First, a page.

Gardening & Landscaping Stack Exchange is a question and answer site for gardeners and landscapers. Join them; it only takes a minute:

Sign up
Here's how it works:
  1. Anybody can ask a question
  2. Anybody can answer
  3. The best answers are voted up and rise to the top

enter image description here

enter image description here

Besides the random yellowing and dropping off of leaves and buds, the plant is otherwise putting out new buds and flowers pretty well.

What might be causing this?

The plant is in partial shade (3-4 hours of full direct sun, partial otherwise) and is watered every day. I fertilized and added some new soil few weeks ago, but have been noticing this problem since before that event.

The picture showing the 3 flowers was taken a couple weeks ago, and the other one yesterday.

share|improve this question
up vote 5 down vote accepted

Two possibilities:

  • too dry, causing bud drop.
  • spider mites. You can check on the underside of the leaves for small dots like grains of salt. If they are found then apply a spray of 5 ml dish soap to 1 litre of water three times at five to seven day intervals.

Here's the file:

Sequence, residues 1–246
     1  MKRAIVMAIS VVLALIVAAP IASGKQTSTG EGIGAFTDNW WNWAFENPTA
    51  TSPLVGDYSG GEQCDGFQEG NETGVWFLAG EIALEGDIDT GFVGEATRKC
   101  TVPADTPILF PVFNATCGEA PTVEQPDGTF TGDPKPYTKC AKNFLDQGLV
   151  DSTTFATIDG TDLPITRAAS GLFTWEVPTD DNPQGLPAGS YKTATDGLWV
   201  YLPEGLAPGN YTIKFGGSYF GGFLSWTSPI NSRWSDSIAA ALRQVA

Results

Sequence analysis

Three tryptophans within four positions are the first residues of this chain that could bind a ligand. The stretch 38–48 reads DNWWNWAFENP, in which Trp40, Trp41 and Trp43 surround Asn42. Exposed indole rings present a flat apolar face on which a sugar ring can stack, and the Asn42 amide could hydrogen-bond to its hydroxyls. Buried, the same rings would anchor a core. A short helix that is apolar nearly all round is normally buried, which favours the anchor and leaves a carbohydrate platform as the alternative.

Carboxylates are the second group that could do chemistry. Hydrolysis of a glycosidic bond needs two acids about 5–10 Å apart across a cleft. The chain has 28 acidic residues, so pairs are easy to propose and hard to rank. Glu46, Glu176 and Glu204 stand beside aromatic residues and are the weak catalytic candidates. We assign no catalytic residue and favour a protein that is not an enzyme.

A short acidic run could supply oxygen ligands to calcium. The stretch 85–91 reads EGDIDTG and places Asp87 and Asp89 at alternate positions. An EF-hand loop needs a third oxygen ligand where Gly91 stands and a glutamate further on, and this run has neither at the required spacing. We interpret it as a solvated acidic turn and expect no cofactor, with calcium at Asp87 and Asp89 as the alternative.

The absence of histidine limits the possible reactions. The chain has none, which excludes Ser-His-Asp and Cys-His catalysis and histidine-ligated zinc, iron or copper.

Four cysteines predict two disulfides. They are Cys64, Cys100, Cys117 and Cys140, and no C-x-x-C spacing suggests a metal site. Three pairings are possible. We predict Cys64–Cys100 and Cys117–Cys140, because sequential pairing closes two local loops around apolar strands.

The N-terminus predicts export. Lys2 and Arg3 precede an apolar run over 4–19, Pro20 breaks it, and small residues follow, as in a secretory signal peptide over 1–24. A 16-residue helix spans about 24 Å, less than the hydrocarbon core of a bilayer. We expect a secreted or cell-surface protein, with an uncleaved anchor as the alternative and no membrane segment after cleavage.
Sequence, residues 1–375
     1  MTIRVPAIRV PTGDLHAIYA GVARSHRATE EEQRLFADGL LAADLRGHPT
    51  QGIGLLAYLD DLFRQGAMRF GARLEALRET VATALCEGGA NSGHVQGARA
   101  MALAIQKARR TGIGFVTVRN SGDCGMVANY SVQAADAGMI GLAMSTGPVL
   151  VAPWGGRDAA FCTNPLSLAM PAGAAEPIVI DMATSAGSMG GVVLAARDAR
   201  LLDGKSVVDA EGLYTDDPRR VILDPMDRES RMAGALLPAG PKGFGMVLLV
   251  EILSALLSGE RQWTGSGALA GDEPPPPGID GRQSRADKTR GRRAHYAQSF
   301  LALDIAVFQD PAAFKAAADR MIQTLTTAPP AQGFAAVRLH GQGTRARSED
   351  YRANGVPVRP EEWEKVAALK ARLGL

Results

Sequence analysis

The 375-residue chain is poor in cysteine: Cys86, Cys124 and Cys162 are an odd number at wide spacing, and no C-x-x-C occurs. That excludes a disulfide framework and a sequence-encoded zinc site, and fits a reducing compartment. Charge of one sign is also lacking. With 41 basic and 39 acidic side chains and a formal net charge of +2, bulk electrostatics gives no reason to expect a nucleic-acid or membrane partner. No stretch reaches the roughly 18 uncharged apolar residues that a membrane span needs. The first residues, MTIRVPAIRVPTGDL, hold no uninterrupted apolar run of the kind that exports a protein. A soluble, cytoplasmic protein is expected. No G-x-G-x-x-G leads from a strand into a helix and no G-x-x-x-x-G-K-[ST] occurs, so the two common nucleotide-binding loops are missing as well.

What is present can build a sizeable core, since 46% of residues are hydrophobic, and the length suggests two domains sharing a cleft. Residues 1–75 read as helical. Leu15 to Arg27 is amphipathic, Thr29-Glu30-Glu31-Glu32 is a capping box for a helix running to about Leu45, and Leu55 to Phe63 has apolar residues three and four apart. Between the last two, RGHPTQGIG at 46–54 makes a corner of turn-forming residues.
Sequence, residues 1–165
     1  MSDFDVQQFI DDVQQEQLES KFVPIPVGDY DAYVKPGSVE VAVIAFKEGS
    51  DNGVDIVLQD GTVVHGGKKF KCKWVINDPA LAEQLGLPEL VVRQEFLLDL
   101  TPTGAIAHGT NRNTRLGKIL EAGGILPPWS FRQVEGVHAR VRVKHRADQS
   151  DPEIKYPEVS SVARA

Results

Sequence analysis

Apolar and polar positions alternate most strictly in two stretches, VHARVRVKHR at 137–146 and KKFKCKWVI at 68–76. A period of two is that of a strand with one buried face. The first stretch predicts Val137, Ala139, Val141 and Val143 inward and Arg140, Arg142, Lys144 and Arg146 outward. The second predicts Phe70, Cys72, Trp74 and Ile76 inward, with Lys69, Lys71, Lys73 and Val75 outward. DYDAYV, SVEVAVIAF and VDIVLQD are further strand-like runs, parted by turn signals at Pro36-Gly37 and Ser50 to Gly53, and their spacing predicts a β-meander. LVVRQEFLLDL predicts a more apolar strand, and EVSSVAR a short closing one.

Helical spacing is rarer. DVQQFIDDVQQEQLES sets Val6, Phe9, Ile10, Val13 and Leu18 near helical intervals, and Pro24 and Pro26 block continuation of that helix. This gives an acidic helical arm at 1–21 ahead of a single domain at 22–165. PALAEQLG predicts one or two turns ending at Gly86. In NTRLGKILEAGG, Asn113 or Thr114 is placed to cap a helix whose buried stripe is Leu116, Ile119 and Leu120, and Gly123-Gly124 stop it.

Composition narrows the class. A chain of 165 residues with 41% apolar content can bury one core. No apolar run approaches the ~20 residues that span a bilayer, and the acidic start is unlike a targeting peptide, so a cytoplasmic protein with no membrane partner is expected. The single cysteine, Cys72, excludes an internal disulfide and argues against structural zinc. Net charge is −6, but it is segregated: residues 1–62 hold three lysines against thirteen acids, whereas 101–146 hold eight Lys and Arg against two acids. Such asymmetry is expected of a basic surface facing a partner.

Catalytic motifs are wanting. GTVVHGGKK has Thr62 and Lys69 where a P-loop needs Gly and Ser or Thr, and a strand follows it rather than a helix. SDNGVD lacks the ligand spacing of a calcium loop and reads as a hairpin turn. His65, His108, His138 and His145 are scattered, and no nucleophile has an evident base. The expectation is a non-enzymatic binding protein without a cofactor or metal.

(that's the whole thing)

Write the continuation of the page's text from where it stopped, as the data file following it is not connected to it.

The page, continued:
Edit: by spraying at these intervals you catch the next generation of spider mites as they hatch from eggs.

I suggest increasing your watering as potted outdoor plants dry out easily.

share|improve this answer
Pretty much what I was going to say. :) Sometimes humidity can be an issue, but I guess that's hard to take care of outdoors. – J. Musser Jul 29 '14 at 20:15
Thanks. Can you clarify what you mean by "three times at five to seven intervals." ?: ) – amol Jul 29 '14 at 21:01

How are you watering? You should water your plant slowly and deeply until water begins to run out of the bottom of the pot. If you water by just sprinkling a little on the top every day, then the root ball will eventually become dry and "case hardened" and the water will not soak in properly. This is especially a problem in hot, dry climates.

If you are concerned that this may be part of the problem, then the way to treat that is to put the pot into a larger tub or a deep tray and keep adding water to the tub or tray until the top of the pot has soaked up enough to become saturated. Afterwards, let the plant drain, and from then on make sure you water it enough to keep the entire root ball moist.

share|improve this answer
Your answer is excellent, I accepted kevinsky's because that answer also suggested spider mites. Thank you for answering (+1), I wish I could accept both of your answers. – amol Jul 30 '14 at 17:21

Your Answer


By posting your answer, you agree to the privacy policy and terms of service.

Not the answer you're looking for? Browse other questions tagged or ask your own question.